Twelve Dead In Colorado Theater Shooting

Recollections of traumatic events, once considered accurate “flashbulb memories,” are now thought less reliable. Photo: Scout Seventeen

Armed with an automatic rifle, a shotgun, a handgun, and what witnesses describe as tear gas or a smoke bomb, a gunman opened fire on a crowd attending an early-morning showing at the Century Aurora 16 theater in Aurora, Colorado, killing 12 people and injuring 38 others, including children, report CNN and Reuters. The police took a local man, believed to be the shooter, into custody outside the theater, whom they believe was acting alone.

CNN describes the harrowing ordeal,

Police said the gunman “appeared” in the front of the theater and threw a smoke bomb before opening fire… One movie-goer, who was not identified, told KUSA the gunman was wearing a gas mask. Some people in the audience thought the thick smoke and gunfire was a special effect accompanying the movie, police and witnesses said.

Reuters describes the shooter being armed with a knife and one handgun, and confusion abounds around the sequence in which the event unfolded. One witness said the shooting took place within minutes of the movie’s start. Another said the movie had been underway for nearly 20 minutes. Reuters adds,

CNN quoted one witness as saying he saw a “guy slowly making his way up the stairs and firing, picking random people.” Another witness said the gunman opened fire during a shoot-out scene in the movie, leading to confusion.

As medical teams fight to save the wounded, investigators will likely have quite a difficult time piecing together an accurate idea of what really went on in the Aurora theater. As Ingfei Chen describes in Scientific American,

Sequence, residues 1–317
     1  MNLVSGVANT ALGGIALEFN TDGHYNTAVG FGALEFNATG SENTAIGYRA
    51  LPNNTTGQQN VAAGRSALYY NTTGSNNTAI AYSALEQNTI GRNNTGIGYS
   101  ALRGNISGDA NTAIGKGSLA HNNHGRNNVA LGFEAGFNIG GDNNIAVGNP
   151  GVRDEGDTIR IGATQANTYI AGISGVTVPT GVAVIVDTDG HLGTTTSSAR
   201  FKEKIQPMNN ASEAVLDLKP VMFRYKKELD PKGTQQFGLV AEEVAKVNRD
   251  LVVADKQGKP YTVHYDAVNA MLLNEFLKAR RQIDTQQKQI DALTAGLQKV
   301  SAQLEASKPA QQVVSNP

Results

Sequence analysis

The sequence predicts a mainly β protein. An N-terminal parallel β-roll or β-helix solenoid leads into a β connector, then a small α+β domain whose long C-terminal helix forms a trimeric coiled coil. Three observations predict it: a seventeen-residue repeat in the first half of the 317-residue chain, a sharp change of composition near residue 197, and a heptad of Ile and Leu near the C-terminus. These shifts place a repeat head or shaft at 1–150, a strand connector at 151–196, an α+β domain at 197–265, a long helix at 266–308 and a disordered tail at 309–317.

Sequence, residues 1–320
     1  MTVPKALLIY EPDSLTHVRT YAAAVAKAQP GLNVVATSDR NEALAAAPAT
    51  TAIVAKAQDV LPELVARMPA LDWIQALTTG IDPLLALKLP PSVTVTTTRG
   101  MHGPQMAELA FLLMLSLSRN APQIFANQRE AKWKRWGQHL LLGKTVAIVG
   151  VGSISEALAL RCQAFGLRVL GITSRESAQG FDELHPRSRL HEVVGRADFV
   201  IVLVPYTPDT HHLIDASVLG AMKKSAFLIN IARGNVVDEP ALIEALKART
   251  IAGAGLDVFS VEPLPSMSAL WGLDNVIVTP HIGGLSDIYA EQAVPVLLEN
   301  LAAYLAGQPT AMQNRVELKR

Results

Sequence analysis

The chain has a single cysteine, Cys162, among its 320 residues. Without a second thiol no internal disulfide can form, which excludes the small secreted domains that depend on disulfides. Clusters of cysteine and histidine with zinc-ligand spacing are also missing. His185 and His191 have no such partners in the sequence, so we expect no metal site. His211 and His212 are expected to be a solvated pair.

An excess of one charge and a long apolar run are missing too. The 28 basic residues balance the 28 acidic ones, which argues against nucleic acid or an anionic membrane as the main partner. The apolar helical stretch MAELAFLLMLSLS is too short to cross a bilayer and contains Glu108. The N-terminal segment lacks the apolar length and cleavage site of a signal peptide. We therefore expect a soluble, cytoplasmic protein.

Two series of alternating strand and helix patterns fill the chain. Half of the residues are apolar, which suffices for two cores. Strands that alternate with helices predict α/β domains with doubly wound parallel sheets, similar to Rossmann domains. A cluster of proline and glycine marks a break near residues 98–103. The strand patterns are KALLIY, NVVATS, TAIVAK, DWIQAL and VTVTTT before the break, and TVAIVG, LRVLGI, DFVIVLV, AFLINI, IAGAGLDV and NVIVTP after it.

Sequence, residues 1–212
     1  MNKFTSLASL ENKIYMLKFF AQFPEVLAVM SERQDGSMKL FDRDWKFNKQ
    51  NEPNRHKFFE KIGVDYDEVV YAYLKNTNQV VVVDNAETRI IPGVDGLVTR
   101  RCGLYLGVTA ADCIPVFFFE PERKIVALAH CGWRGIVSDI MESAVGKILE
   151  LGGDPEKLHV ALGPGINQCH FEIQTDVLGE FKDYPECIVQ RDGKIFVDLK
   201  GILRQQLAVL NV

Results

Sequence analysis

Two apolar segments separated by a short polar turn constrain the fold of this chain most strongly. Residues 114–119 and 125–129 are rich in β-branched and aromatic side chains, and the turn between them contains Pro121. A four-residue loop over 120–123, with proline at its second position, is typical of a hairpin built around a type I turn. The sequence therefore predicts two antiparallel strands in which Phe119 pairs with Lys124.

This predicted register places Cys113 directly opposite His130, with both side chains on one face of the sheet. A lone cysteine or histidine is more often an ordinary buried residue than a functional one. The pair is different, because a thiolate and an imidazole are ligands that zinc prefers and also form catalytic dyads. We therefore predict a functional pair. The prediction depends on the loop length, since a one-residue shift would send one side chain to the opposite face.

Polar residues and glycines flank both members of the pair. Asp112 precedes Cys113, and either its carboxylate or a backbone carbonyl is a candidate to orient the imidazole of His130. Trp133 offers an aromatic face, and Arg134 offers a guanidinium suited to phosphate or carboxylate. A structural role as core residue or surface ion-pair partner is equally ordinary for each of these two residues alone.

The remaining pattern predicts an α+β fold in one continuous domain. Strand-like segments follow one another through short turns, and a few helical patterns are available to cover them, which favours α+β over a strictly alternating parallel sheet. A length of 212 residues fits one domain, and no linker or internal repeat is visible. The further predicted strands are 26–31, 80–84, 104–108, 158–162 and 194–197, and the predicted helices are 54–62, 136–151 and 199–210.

Decades ago, psychologists theorized that the brain imprints such details into its memory, like a photograph, when we learn of sudden, tragic national events. These highly emotional recollections were dubbed “flashbulb memories”—but the notion of photographic accuracy didn’t bear out in later research.

In an interview between Chen and New York University psychologist Elizabeth Phelps, Phelps said,

Emotion kind of focuses you on a few details but lets you ignore other details. And if you are highly aroused by fear, that emotion helps you store things in your memory better, in a storage process called consolidation that depends on the interaction of the amygdala and hippocampus. But what we’ve known for a while is that emotion gives you a stronger confidence in your memory than it does necessarily in the accuracy. Usually, when a memory has highly vivid details and you’re confident in those details, that means you’re likely to be right. Confidence often goes hand in hand with accuracy. But when something is highly emotional, they often get separated.

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